Without question, the front is the place to be when travelling in the A-Class. The front seats have integrated headrests, are nicely supportive, and adjust for height. Head room is on a par with the best in the class, and the seats slide back far enough to accommodate even the tallest drivers.
The door pockets are a decent size, but aren’t as large as those in, for example, a Volkswagen Golf, which also has a classy flock lining in its storage cubbies. The armrest has enough space for several loose items, and the glovebox is big enough to swallow most loose things.
Shoulder room isn’t great, though, which means the A-Class feels quite narrow compared with other cars in the class. Access to the front is easy enough, though, via wide-hinged doors that open generously.
There’s an optional storage pack that includes luggage nets in the front seat backs, storage drawers under the two front seats, a sunglasses holder up front and an extra 12V charging socket in the boot.
Mercedes-Benz A-Class rear space
Small rear windows make it feel tight
Most premium hatchbacks are better suited to carrying four people instead of five, but the A-Class offers less space than most. Part of its problem is the sloping roofline. It cuts into head room in the back so that anyone approaching 6ft in height will find their head brushing the ceiling.
Knee room is better because the front seats are curved to give those in the back a bit more space. The actual shape of the rear doors is an issue, though; the opening is narrow and it’s harder to hop through the gap than in, for example, an Audi A3 Sportback.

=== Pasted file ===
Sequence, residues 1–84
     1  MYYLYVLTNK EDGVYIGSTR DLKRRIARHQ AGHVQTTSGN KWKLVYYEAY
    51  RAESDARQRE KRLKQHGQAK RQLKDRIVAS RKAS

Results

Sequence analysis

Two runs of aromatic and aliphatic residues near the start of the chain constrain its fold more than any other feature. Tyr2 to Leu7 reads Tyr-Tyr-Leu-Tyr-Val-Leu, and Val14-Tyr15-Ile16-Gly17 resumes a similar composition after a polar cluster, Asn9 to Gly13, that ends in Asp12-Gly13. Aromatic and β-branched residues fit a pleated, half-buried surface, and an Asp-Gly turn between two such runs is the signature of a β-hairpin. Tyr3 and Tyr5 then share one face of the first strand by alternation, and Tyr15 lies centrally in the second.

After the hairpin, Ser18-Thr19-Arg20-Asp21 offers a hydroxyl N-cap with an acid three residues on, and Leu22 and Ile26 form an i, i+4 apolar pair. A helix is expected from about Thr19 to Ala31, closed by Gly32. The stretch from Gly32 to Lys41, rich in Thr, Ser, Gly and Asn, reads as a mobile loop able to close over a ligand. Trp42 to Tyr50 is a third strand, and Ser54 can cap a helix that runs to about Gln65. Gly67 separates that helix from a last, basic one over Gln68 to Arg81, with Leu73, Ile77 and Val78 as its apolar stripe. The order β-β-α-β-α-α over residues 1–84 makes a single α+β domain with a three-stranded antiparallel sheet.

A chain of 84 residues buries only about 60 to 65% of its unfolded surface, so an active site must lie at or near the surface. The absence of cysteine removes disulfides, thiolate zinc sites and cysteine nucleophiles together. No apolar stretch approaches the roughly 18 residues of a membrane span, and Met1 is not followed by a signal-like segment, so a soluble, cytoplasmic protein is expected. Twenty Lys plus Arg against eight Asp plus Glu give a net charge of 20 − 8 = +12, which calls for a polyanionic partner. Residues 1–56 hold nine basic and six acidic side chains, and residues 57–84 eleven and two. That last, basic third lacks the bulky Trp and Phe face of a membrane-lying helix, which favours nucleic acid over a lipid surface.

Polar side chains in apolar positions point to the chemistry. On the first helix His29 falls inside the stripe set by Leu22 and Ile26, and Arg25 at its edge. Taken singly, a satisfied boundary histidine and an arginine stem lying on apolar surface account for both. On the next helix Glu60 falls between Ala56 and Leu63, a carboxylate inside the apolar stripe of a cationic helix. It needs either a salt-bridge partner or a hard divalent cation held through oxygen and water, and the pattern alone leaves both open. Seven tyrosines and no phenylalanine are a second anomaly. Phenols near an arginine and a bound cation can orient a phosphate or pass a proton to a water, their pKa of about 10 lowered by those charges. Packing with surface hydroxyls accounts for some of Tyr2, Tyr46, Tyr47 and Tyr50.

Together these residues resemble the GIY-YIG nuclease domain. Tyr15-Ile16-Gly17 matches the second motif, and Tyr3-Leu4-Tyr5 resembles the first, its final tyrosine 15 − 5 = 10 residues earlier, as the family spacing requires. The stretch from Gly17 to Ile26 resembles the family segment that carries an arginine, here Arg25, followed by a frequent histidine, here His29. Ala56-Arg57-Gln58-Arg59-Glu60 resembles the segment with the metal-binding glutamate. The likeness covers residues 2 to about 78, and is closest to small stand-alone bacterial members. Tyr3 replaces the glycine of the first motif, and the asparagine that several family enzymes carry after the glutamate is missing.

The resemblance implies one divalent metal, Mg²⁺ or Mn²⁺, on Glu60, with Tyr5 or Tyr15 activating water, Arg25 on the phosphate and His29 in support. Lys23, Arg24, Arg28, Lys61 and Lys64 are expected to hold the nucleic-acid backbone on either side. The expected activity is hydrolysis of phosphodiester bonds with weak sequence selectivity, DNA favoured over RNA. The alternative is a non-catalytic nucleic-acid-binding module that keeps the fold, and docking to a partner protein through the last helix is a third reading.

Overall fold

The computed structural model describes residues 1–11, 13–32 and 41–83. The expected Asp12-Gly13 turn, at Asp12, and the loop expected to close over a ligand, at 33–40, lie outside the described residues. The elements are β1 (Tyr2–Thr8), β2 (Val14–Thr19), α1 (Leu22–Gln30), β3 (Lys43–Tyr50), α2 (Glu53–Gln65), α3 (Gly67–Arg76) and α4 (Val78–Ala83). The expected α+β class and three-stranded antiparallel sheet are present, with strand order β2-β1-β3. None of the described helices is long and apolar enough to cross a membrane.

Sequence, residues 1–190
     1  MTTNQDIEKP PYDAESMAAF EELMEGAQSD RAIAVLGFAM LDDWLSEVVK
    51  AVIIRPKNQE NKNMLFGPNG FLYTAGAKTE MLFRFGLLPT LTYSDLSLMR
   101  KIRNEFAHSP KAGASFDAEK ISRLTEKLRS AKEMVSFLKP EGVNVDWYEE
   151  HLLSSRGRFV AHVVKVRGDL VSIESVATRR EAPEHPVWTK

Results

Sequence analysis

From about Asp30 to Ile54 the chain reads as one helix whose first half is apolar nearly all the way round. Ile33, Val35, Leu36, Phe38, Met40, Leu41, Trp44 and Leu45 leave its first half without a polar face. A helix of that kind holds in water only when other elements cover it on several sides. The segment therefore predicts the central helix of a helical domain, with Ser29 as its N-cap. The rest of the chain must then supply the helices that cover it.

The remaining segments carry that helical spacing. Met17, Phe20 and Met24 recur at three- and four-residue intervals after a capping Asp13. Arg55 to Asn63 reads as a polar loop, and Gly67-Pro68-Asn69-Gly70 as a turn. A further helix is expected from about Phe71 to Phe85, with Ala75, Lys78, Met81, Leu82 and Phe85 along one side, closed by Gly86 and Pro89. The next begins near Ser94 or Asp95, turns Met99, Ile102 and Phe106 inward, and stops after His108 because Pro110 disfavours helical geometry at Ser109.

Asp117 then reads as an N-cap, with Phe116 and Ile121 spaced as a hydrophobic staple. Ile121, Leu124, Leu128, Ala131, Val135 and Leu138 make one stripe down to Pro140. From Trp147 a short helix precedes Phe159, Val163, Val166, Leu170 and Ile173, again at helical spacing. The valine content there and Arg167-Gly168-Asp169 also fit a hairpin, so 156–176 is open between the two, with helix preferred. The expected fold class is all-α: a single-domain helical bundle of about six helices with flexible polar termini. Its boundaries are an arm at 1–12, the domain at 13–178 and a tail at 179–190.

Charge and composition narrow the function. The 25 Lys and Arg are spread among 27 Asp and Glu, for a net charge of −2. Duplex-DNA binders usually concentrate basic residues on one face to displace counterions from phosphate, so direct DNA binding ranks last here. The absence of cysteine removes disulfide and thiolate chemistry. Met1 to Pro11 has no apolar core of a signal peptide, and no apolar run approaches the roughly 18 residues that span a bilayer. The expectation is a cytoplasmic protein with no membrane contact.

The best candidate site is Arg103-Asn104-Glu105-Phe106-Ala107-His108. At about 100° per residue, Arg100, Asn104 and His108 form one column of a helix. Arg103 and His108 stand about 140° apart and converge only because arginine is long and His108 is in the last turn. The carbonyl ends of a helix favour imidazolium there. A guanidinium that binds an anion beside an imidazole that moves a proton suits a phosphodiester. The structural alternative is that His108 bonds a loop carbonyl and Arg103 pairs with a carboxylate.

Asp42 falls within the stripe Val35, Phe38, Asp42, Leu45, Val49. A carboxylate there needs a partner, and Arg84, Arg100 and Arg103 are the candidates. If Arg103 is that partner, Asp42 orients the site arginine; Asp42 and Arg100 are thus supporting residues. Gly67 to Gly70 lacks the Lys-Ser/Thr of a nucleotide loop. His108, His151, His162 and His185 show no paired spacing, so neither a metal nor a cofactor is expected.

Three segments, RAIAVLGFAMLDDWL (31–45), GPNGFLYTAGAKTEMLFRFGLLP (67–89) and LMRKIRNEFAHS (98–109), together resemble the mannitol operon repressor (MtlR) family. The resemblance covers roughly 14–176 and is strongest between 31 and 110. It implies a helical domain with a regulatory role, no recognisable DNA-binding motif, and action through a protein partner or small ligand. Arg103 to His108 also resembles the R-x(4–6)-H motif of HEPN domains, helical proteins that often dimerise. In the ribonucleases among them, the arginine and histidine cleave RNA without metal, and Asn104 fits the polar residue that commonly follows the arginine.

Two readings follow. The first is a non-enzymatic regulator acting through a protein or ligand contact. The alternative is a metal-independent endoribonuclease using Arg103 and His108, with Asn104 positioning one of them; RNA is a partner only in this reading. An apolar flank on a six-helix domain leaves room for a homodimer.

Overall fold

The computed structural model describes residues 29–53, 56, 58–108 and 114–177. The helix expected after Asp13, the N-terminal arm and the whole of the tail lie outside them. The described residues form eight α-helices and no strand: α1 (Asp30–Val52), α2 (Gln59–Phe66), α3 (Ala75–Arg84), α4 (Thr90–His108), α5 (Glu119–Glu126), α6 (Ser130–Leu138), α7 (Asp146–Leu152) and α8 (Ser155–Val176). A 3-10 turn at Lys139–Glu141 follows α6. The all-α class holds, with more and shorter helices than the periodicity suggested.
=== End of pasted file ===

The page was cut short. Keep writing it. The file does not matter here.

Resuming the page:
Combine this with a narrow middle seat, which is raised and quite firm, and it’s clear there are better cars for families. The rear doors do at least have deep pockets, and there’s the option of a central armrest with cupholders.
Mercedes-Benz A-Class seating flexibility
Nothing particularly clever
The A-Class is quite conventional when it comes to moving and rearranging the seats. The two front ones are on runners so slide back and forth, and have a decent range of adjustment. The rear seats are a fixed bench but they at least fold in a 60/40 split when you want to increase the luggage area and carry more than a week’s shopping. Push the plastic buttons on the tops of the rear seats and they tumble easily enough, but it’s easier to do this through the rear doors, rather than the boot.
Unlike the BMW 1 Series, there is no option for a 40/20/40 bench, which is useful when you need to carry awkward items such as skis or other sports equipment. Even so, once the A-Class’s rear seats are folded, they lie almost flat, helping create a decent load surface.
Mercedes-Benz A-Class boot space
Awkward shape and not as deep as rivals’
With the rear seats in place the A-Class’s boot is smaller than, for example, the one in the Seat Leon. Meanwhile, although it’s relatively wide, it’s also shorter and shallower than those in most of its direct competitors. It also has a high lip, making it awkward to load bulky items.
There’s some useful additional luggage space under the boot floor, but the rear lights intrude on the boot opening, so it’s a bit narrower than is strictly necessary. Other cars in the class offer clever, double-layered floors to give greater flexibility, but in the Mercedes what you see is what you get.